Shortly after the U.S. entered World War I, the general staff of the American Expeditionary Force (AEF) decided to establish a Gas Service, part of which would be an offensive gas regiment. Born out of this decision was War Department General Order 108, dated 15 August 1917, which authorized and established an offensive gas unit designated as the 30th Engineer Regiment (Gas and Flame.)[4] Shortly thereafter, General Order 31 from the General Headquarters of the AEF officially activated the Gas Service Section with Colonel Amos Fries in command.[4] Because its lineage traces directly back to the 30th Engineers, this timeline means that not only is the 2D Chemical Battalion the first and oldest unit in the Chemical Corps, but it is also older than the Chemical Corps itself.

On 30 August 1917 Captain Earl J. Atkisson was assigned the task of raising and training the fledgling gas regiment which was stationed at Camp American University, Washington, D.C.[5]. Atkisson set out acquiring officers, enlisted men, equipment and information.[4] Beginning on 19 October 1917, the influx of enlisted personnel into the regiment was "near continuous".[6] The regiment's first enlisted man was an F.C. Devlin. Devlin applied for enlistment in Pittsburgh, enlisted at Washington Barracks and reported for duty at Camp American University on 19 October.[6]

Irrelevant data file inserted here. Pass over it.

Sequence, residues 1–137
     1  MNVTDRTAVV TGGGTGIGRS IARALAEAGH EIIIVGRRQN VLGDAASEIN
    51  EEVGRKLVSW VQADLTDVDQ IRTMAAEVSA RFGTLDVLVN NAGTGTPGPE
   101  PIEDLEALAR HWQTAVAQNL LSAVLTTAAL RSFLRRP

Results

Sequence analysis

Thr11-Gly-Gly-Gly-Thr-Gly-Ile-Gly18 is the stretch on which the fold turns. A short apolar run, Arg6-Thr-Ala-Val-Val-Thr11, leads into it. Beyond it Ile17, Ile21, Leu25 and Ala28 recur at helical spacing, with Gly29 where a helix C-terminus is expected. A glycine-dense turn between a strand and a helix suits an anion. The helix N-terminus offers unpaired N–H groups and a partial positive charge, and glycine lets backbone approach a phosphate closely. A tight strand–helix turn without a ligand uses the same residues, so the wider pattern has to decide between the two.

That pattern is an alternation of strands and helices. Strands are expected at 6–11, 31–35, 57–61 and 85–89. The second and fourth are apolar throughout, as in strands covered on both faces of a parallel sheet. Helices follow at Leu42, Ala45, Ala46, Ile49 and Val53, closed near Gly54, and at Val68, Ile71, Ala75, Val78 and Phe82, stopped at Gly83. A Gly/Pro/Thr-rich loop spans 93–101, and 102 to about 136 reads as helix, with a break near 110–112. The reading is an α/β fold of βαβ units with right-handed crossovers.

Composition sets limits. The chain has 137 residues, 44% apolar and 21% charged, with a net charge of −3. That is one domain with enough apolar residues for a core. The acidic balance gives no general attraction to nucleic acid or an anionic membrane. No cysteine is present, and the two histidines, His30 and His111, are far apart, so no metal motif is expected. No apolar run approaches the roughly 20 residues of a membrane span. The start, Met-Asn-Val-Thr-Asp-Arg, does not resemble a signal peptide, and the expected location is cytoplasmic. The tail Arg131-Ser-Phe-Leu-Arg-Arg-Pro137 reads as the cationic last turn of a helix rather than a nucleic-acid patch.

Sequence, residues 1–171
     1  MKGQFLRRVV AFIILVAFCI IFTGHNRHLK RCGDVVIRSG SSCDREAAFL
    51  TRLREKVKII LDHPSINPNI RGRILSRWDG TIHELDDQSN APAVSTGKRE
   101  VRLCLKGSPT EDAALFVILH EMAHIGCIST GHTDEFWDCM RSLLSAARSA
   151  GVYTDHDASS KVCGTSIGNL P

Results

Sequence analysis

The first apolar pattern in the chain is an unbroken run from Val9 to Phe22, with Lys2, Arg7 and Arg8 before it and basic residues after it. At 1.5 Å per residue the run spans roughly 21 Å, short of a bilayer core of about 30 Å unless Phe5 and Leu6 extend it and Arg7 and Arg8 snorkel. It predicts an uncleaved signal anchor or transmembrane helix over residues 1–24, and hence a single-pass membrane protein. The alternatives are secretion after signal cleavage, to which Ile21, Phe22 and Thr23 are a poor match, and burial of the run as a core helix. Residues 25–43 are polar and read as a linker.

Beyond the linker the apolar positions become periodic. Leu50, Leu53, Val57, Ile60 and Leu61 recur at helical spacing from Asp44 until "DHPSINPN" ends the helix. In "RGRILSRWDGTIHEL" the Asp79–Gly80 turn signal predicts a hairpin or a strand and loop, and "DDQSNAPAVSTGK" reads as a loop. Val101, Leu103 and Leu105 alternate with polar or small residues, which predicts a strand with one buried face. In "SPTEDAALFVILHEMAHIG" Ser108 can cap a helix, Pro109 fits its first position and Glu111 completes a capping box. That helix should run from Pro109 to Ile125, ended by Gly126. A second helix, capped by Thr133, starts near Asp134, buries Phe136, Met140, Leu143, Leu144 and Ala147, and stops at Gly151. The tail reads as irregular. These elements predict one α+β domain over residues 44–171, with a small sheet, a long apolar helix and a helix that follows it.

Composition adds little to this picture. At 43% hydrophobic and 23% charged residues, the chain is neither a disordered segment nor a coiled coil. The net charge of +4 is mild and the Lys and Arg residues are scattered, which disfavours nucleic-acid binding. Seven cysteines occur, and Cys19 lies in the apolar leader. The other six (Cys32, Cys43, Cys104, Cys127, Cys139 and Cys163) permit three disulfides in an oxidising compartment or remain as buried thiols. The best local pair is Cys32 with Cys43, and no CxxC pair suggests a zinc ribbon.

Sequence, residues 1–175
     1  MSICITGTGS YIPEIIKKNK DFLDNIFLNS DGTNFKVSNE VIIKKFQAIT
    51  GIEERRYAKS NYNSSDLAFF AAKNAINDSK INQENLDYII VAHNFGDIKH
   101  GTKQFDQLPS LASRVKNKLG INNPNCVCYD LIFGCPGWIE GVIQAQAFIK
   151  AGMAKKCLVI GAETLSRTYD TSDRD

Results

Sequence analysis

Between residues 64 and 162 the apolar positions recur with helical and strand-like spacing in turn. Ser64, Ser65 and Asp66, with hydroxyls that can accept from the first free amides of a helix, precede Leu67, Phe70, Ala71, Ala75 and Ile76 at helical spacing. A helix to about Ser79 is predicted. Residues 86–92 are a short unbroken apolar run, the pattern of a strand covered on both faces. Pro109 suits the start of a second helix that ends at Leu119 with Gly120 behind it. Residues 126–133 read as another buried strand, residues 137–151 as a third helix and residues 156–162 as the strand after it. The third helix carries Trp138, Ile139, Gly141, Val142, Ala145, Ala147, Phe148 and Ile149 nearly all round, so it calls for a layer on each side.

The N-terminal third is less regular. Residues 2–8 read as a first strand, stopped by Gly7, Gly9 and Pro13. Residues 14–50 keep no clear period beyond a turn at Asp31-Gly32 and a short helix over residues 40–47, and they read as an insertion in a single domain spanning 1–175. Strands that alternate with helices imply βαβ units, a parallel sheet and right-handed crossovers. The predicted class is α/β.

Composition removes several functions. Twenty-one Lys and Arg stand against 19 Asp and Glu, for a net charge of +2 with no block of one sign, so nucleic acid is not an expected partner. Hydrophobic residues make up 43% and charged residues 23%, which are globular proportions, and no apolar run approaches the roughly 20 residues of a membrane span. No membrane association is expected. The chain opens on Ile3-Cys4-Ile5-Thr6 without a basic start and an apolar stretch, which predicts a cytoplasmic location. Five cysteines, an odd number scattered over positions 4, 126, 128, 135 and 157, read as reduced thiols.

Early on the 30th Engineer Regiment became known as the "Hell Fire Battalion", and its soldiers as the "Hell Fire Boys". A 15 November 1917 story in the Baltimore Evening Star stated: [7]

If His Satanic Majesty happened to drop around at the American University training camp to-day, he would see the "Hell Fire Battalion" at work and might blush with envy. On the War Department records the battalion is known as the "Gas and Flame Battalion of the Thirtieth Regiment Engineers." Throughout the Army they are known as the "Hell Fire Boys."